I have taken an absurd number of photos of roofs (rooves? Tolkien says dwarves, I recall [but that's because he was an expert in Old English, and the f in words like hlaf (loaf) was unvoiced in the singular and voiced in the plural; hence our modern confusion) in Bangkok. It is the shape of the roofs that makes traditional Thai buildings distinctive. Your average ubosot/bot is wooden, has a rectangular or subtly boat-shaped plan, a tiled Swiss-pitched roof (or overlapping roofs, like the armour of an armadillo or a Roman legionary) and thick square columns.
As an example, take the Buddhaisawan Chapel in the grounds of the National Museum, which holds the second-holiest Buddha in the kingdom:
What strikes the eye is the adornment to the the roofs at the corners of the gables and the eaves. At the end of each roof is a cho fa (sky tassel) finial. These look like stylised birds, and so they may be: eg Garudas, guardian bird spirits in Thailand (originally singular, and the mount of Vishnu). Often the bird could be interpreted to be grasping a naga (chief serpent demon type, traditional enemy of Garuda, again borrowed from India via Cambodia), whose tail appears as a finial lower down. But the same shape also sometimes appears as a finial without a snake attached. And the meaning of the shapes is a mystery. There is a style called swan's tail, which apparently adorns boats and barges: not being a devotee of poultry arse, I don't know what it looks like. So the taxonomy is incomplete: further research is needed. My next stamp collecting-exercise.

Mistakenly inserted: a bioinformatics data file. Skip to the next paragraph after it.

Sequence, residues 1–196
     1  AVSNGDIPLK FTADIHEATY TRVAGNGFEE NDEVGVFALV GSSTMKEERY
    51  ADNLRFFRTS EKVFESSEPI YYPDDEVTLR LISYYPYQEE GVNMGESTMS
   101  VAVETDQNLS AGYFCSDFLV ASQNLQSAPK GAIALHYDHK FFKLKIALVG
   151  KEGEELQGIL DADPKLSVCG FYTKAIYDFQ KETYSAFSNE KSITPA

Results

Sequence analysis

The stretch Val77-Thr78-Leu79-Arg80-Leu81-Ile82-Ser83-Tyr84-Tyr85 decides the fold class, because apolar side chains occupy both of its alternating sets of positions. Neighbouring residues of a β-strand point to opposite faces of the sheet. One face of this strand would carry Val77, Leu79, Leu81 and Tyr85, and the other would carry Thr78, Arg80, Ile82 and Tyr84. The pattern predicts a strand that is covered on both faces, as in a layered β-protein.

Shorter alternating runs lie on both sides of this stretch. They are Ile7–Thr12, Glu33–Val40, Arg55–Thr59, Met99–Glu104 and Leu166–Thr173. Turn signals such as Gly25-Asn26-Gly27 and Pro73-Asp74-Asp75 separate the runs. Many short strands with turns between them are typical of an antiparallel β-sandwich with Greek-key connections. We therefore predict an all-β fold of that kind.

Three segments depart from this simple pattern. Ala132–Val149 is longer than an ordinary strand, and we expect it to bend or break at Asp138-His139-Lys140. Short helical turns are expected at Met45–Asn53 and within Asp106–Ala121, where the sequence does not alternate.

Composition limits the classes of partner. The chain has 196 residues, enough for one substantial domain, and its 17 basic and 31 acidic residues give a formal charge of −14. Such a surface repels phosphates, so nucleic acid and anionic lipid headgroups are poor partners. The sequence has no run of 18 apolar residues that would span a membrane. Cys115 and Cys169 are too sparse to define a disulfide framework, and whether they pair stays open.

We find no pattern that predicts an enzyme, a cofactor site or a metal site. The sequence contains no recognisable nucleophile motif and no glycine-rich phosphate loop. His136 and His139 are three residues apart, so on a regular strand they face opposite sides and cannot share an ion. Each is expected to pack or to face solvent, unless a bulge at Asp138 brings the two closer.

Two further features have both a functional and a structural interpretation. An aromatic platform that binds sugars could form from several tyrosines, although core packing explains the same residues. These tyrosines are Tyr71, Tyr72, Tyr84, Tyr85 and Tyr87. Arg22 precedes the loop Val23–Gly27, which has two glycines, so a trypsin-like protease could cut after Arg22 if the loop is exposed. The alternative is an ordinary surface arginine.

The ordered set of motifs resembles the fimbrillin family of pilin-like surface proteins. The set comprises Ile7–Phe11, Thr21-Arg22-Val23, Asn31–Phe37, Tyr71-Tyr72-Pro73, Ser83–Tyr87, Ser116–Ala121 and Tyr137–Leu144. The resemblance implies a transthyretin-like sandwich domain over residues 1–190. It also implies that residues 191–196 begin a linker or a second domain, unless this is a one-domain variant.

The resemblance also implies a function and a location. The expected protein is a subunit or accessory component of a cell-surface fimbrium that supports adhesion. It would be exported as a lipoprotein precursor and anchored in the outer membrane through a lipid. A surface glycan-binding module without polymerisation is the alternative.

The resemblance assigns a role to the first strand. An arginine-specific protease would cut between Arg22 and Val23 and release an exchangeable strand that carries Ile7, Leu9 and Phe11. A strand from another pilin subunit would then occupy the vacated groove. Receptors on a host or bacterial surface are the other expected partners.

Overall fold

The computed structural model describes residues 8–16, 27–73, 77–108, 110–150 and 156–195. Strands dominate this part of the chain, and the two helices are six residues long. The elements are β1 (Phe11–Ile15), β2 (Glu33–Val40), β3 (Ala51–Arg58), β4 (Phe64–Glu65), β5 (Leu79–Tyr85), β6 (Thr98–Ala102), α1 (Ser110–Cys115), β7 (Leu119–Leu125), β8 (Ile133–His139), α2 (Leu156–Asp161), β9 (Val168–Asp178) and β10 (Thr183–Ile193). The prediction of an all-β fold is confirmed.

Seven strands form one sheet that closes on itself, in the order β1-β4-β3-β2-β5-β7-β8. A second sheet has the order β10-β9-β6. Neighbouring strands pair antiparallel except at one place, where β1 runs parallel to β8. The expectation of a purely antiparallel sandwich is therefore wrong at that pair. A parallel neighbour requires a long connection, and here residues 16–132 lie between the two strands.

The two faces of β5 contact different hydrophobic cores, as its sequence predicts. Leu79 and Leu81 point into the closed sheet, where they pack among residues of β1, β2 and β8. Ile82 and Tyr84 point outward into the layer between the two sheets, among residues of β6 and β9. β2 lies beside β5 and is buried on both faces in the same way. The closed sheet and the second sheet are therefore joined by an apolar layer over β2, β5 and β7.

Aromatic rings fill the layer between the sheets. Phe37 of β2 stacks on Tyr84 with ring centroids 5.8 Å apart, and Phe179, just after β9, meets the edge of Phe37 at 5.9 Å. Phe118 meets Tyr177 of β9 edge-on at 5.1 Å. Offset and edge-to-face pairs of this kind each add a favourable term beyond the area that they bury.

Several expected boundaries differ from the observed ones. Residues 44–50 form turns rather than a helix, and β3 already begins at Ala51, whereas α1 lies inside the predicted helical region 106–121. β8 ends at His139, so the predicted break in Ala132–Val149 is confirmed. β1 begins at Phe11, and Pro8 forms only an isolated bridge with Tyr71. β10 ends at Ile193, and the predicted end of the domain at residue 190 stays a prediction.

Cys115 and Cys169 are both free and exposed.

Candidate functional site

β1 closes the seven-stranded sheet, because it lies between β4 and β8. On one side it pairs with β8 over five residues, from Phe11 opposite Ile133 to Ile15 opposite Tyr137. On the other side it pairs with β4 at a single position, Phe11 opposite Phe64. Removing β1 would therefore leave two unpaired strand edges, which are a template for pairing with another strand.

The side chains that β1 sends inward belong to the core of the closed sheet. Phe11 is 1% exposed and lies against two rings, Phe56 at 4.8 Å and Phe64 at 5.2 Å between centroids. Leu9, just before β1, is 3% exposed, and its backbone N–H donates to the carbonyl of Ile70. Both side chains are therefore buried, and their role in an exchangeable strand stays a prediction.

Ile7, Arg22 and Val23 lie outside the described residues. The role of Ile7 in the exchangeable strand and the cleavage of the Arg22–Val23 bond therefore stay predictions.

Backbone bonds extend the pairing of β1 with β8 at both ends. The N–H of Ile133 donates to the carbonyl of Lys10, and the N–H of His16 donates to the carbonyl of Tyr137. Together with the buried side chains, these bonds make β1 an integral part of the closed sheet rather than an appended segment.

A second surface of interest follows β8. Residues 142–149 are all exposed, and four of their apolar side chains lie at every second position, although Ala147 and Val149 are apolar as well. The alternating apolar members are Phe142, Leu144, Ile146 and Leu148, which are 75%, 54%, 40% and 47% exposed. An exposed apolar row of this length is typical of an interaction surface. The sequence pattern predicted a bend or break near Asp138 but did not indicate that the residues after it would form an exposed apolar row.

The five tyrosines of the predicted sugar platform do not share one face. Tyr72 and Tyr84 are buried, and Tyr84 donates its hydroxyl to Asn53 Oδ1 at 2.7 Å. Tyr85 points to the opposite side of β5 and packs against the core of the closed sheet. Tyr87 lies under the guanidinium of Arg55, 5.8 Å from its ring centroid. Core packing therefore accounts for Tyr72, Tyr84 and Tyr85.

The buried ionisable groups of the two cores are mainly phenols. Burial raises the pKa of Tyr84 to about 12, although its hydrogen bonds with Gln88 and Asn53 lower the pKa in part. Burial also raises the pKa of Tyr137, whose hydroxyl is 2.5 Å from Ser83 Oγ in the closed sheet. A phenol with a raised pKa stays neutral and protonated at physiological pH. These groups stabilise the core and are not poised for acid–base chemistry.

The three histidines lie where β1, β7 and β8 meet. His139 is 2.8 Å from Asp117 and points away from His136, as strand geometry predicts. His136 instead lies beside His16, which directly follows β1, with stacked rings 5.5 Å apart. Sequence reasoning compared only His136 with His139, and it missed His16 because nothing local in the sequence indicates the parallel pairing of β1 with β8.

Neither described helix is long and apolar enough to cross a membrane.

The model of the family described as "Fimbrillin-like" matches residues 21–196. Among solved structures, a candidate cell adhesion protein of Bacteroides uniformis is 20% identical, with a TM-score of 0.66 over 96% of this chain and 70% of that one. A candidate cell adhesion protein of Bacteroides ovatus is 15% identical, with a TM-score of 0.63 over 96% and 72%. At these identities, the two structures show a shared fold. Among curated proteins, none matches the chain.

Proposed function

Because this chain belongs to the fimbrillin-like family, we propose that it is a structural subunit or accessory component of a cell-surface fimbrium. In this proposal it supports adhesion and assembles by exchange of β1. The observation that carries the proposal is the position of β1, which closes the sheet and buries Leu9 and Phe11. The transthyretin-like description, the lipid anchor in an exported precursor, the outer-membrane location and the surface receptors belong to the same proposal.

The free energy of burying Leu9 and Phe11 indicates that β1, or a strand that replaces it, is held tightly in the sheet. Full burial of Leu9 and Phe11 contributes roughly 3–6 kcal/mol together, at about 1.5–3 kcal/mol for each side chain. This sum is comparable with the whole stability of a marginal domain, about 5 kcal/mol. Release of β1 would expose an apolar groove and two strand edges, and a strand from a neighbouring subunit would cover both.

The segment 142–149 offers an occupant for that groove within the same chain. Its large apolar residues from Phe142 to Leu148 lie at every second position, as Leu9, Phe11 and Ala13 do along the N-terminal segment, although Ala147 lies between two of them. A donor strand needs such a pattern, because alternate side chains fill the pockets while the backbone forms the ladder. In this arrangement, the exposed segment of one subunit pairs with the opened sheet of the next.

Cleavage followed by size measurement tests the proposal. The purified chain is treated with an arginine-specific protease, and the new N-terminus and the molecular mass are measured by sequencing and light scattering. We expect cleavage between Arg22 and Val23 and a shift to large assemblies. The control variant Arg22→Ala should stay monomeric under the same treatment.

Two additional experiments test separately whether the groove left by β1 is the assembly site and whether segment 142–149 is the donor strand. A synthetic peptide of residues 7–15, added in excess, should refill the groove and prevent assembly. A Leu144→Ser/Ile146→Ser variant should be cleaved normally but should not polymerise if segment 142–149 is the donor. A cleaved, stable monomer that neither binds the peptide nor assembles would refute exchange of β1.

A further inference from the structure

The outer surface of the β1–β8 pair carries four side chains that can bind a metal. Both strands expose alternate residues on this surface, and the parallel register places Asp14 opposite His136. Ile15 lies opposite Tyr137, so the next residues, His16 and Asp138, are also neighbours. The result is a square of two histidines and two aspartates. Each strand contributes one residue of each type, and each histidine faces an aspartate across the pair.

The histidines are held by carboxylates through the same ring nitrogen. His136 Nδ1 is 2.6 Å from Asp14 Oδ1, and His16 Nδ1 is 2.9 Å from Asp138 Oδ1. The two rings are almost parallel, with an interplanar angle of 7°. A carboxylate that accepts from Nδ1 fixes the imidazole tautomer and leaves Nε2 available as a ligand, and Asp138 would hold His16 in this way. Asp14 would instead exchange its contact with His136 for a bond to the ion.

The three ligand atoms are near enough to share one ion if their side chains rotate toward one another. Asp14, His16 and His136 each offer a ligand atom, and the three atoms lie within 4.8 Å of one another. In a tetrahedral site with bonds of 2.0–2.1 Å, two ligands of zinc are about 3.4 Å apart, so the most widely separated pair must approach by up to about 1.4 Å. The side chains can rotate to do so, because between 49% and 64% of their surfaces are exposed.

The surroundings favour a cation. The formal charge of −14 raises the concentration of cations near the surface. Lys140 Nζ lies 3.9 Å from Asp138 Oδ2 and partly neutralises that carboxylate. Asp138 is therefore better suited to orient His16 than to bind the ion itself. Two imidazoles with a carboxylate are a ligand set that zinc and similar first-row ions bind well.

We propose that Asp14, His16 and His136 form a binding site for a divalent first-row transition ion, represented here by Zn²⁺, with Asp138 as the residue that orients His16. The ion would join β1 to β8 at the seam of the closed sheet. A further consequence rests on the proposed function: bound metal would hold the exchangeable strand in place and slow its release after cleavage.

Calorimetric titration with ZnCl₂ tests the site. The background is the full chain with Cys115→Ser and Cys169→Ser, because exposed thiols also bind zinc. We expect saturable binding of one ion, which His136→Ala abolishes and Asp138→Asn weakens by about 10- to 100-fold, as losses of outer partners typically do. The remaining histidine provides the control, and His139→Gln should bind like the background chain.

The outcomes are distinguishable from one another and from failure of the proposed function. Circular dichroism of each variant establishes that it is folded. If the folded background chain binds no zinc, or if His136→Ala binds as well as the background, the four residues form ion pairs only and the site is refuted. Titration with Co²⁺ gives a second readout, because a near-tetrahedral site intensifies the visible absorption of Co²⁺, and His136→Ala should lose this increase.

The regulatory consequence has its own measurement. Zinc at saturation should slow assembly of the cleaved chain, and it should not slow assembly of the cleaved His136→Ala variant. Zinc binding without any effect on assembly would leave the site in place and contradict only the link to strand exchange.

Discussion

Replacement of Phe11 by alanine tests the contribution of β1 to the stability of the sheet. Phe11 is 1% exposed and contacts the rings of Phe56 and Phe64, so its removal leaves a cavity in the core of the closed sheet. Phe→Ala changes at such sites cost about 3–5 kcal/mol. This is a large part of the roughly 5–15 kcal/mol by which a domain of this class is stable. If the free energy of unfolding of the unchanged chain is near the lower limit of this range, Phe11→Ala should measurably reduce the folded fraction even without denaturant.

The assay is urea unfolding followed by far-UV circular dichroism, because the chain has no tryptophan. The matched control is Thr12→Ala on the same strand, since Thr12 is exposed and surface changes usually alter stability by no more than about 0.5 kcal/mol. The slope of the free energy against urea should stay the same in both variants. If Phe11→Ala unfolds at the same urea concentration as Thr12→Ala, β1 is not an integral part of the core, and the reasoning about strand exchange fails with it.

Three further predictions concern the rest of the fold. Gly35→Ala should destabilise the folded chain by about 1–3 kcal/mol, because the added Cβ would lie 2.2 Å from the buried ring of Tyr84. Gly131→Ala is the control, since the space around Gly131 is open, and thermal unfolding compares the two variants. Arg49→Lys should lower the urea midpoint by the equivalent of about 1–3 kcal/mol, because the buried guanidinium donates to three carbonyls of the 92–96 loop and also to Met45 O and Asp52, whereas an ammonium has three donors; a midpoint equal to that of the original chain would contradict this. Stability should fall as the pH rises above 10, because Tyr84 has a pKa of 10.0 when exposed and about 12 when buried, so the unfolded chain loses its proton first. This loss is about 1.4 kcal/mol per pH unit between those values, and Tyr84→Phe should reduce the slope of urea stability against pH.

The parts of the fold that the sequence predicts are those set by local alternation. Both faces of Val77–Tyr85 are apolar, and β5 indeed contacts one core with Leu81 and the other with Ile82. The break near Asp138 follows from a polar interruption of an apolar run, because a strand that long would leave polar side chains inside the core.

In any case, it is the finials - which the Thais sensibly copied from the Khmer Cambodians - that add elegance, curvature and lightness to the edifices. So here are some photos.
In the National Museum:
In Wat Phra Kaeow, the royal wat that is home to the Emerald Buddha: